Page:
A Suburb Girl Life Story

Date : 2017-04-21
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Man Savone, aged 22, is studying Management as a Freshmen at Western University in Kampong Cham Province under a scholarship provided through The Asia Foundation and KAPE.  She lives in a small house with a single mother working in a small rice field plot in Ponhea Krek District, Tbong Khmum Province. At this age, she should already have graduated from university but because she started so late, she will be 25 or 26 before finishing. Savone did not start school until she was ten years old because her parents were too poor to support all 5 of their children at school; indeed, her oldest sister had to drop out of school when she was in Grade 3 to take care of her mother who had fallen ill.


Savone’s faced many difficulties to access education during her childhood. She could not acquire a good uniform or enough study materials, or even the 25 cents needed to buy fruit or cookies at school for a snack. She was often absent from school to help her parents farm, raise the cows and do the housework from day by day. She had to leave school many times because her parents could not support their seven children. Savone came from a very large family of 9 persons.


When Savone finally reached secondary school, she could not attend school for very long because her parents could not afford the $40 needed to buy her a bicycle.  Her school was about four kilometres away from her home. It is difficult to imagine all of the challenges that Savone had to face. Luckily, Savone’s aunt bought her a bike for school because she found that Savone’s four older siblings had already dropped out of school at primary school and she did not want to see Savone be the fifth child in the family to leave school before finishing. During the long summer vacation, Savone traveled to Phnom Penh to work in a garment factory to save money for her high school studies. “I had to travel about 200 kilometres to reach Phnom Penh to work with my older sister; I am afraid to meet with bad people but I have no choice and I need money to support my studies and my family as well,” Savone said.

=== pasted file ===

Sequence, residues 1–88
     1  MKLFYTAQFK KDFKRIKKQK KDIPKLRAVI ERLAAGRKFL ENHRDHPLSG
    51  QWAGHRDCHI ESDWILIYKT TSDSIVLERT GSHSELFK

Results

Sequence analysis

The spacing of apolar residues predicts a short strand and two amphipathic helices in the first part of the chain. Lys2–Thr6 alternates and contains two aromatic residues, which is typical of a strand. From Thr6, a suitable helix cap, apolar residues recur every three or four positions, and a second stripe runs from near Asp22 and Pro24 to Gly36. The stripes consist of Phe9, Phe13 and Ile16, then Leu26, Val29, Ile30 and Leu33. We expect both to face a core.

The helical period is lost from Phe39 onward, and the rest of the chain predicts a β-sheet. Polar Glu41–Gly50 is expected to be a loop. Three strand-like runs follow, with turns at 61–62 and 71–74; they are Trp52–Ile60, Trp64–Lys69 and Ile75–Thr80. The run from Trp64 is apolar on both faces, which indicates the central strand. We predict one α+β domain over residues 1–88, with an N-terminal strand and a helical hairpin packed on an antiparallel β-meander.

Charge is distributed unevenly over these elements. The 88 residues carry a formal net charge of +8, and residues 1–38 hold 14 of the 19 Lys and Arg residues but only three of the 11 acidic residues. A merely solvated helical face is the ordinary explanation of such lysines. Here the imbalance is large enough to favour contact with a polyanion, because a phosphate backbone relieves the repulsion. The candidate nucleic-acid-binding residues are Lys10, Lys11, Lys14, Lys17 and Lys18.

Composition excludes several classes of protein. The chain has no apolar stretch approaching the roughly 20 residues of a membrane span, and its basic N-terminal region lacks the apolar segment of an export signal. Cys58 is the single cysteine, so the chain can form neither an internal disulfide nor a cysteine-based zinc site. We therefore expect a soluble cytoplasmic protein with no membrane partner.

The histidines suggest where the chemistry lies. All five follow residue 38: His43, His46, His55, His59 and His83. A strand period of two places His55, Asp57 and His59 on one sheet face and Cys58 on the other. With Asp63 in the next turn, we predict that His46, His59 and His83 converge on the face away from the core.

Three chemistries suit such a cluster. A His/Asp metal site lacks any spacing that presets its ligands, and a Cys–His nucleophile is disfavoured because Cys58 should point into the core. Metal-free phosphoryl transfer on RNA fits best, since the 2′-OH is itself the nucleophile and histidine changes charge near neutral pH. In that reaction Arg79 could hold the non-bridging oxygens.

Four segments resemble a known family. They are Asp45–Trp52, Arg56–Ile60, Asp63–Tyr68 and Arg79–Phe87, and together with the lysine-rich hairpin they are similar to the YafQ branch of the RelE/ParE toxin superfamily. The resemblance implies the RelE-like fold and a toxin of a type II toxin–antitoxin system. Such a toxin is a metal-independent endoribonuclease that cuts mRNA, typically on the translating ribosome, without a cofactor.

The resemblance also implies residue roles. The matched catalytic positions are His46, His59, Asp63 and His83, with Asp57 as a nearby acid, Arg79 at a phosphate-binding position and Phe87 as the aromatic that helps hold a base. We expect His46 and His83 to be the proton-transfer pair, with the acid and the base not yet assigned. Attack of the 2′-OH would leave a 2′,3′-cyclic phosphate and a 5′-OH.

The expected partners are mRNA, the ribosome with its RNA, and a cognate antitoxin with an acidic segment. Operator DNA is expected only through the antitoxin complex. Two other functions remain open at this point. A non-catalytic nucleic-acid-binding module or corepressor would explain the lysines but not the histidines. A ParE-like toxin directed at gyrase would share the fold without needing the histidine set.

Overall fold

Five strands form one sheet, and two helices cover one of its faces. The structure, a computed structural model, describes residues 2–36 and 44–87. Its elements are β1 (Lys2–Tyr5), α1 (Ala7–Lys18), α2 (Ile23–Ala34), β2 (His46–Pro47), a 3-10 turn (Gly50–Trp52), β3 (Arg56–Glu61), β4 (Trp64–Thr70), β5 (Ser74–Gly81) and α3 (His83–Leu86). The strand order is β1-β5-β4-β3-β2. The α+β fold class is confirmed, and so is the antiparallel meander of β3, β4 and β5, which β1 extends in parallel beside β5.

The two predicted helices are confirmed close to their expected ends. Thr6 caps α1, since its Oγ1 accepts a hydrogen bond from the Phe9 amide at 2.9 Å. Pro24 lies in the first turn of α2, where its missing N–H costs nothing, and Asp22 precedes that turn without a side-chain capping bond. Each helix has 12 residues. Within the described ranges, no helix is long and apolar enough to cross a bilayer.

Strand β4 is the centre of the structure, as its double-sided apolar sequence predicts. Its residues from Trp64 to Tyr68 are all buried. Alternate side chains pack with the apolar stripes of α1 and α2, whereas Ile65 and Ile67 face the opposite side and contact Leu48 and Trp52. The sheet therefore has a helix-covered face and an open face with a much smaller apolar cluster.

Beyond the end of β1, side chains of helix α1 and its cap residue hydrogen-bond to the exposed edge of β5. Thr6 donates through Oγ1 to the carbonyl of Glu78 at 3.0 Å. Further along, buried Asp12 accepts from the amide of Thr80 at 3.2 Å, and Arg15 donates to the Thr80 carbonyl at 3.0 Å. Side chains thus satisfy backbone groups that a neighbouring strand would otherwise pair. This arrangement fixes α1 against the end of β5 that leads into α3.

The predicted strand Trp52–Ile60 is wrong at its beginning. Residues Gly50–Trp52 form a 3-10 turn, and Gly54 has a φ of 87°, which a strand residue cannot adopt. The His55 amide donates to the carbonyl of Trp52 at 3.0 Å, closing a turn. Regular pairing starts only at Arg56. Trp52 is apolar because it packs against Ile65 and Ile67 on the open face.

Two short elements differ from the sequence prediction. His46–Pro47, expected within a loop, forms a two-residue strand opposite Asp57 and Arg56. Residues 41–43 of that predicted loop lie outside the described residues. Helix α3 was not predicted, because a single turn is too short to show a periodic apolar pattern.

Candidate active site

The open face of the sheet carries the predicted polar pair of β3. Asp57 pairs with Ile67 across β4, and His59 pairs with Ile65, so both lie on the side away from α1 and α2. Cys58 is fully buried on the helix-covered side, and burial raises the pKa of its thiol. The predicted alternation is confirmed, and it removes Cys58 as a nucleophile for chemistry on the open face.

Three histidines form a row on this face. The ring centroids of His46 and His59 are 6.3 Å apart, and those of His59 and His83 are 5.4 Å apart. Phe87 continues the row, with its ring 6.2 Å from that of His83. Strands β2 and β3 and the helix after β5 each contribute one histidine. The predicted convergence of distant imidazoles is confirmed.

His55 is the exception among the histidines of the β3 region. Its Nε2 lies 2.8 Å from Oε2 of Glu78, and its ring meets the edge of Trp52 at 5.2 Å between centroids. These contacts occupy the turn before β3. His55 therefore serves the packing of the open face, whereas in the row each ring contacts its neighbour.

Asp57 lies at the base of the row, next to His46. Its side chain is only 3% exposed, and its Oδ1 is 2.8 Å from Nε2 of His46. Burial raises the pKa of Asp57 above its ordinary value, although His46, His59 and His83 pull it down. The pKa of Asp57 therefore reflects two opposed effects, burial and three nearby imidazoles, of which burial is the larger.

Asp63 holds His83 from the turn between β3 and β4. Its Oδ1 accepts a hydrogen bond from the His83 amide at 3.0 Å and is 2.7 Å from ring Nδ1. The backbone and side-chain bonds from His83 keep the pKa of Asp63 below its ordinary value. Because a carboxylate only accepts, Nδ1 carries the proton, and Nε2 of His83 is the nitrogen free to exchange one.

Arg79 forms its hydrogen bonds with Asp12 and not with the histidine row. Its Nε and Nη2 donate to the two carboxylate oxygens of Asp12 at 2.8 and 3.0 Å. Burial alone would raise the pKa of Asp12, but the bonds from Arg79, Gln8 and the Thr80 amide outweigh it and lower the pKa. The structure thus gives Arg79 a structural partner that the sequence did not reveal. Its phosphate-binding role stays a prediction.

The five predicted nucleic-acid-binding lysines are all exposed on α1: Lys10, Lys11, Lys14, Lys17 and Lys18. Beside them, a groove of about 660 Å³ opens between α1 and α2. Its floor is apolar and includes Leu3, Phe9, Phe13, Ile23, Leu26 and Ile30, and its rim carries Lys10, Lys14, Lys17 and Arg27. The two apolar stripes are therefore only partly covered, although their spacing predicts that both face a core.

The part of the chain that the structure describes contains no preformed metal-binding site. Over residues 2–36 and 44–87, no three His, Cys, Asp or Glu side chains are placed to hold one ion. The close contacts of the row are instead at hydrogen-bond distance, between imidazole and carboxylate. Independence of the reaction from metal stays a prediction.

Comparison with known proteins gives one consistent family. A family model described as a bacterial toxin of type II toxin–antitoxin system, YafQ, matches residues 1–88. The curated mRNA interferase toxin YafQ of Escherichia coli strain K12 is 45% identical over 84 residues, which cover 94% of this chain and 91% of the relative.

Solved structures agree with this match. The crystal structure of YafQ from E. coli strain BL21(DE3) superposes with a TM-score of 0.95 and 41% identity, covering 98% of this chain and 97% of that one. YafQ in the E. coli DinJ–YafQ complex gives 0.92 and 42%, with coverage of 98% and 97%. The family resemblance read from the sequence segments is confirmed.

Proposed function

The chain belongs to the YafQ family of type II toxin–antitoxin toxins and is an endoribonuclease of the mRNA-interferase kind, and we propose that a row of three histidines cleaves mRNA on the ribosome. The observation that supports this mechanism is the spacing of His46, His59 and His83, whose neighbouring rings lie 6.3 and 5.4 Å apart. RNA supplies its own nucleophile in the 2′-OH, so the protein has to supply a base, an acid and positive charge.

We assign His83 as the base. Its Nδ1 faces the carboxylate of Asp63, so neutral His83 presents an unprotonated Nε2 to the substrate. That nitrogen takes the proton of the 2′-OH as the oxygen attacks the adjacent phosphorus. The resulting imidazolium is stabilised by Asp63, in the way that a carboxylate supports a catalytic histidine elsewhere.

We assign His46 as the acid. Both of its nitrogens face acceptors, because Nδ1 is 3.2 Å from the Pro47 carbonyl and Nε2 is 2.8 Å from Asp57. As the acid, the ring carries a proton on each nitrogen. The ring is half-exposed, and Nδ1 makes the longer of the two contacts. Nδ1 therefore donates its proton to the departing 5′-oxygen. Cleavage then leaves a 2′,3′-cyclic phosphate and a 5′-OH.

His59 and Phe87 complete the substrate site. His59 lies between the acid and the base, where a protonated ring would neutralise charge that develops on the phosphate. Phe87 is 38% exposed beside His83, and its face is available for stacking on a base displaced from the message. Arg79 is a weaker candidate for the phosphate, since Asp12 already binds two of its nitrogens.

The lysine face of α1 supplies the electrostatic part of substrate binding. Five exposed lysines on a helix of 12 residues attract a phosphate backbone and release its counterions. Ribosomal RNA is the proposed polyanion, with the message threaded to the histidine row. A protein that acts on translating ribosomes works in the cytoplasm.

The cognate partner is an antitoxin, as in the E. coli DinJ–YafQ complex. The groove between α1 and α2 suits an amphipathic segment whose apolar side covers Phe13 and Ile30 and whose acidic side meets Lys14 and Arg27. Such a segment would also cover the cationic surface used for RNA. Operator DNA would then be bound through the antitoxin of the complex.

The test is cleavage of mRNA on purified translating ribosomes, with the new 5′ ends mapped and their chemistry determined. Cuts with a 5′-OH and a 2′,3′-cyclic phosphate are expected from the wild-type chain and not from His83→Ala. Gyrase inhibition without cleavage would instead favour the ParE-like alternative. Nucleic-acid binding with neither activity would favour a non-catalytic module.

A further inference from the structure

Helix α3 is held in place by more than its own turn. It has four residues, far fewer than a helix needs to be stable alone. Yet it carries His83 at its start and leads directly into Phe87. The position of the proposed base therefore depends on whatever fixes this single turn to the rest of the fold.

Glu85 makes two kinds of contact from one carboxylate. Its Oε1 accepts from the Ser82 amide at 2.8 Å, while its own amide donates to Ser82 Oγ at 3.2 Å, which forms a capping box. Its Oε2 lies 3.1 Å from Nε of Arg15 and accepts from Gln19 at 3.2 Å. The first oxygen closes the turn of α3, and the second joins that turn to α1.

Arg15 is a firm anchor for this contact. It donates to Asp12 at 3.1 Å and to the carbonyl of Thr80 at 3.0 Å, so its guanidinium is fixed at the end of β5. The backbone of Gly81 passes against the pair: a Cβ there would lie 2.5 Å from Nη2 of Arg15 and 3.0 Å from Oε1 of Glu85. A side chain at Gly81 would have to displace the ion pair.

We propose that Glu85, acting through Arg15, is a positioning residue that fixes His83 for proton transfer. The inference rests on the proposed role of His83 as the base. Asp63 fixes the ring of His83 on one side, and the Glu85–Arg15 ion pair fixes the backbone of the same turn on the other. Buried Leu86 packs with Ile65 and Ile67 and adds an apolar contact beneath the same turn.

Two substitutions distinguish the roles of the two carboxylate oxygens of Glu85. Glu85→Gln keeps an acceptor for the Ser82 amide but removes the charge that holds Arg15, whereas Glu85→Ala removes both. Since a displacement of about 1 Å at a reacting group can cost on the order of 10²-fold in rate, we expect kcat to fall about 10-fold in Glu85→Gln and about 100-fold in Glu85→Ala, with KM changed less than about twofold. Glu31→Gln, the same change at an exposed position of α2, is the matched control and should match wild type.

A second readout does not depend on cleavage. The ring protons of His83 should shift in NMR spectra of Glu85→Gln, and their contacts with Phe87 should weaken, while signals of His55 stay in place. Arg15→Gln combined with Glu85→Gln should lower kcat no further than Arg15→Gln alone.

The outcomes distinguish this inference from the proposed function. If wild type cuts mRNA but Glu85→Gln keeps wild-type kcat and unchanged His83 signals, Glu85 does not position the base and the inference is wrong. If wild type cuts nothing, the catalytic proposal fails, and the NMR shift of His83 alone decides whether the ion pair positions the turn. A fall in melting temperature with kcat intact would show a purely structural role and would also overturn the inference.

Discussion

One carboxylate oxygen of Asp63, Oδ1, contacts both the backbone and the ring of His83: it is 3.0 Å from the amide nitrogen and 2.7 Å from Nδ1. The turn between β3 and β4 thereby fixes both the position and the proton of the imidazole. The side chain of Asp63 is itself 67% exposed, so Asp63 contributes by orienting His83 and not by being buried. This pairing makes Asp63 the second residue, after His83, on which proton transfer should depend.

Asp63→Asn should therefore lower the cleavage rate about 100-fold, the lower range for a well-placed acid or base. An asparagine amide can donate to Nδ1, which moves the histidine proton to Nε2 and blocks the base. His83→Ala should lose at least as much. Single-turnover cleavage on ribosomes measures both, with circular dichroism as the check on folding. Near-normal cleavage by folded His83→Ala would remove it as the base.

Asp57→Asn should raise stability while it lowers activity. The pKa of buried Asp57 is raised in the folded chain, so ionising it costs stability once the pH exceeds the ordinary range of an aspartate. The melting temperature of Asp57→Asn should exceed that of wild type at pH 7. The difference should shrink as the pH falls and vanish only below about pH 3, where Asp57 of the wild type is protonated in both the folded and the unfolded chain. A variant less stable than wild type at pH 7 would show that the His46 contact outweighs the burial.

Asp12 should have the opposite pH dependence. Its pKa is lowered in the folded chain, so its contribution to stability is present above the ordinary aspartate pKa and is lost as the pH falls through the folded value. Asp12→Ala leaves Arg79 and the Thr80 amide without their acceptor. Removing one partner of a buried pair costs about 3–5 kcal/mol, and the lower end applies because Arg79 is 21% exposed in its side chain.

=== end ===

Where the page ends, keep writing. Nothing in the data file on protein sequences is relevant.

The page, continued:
Sadly, Savone’s father died of a heart attack when she was just about to finish Grade 11 and her two younger brothers in Grades 7 and 8 both had to drop out of school as well. This tragedy so upset her family that she was not able to finish Grade 12 until 2016, when she was well over 20 years old. After graduating from high school, Savone felt like she was sitting on a boat floating in the middle of the river and she did not know where to go because there was no way that her mother could afford the $1,500/year price tag of a university education.


Later, she was told about the university scholarship announcement for poor young women funded by KAPE and so she immediately applied for it. After an interview, test, and home visit, Savone was eventually able to qualify for a CTSP scholarship supported by The Asia Foundation. Savone expressed her strong commitment to the program and has been selected to be a deputy cohort leader. She is now responsible for overseeing the 30 students living in the dormitory, to review monthly meeting agendas, and monitor club study. Besides this, she also participates in English and computer studies, soft skills training, and exposure visits organized by CTSP.


I am very excited to be a part of the CTSP family, as I can learn both soft and hard skills. I have very much appreciated being a ceremony moderator during International Women’s Day; I feel confident to talk in front of many people and could finish the event smoothly. I strongly believe I am gaining enough skills for my future career as a project manager in an NGO,” Savone related.




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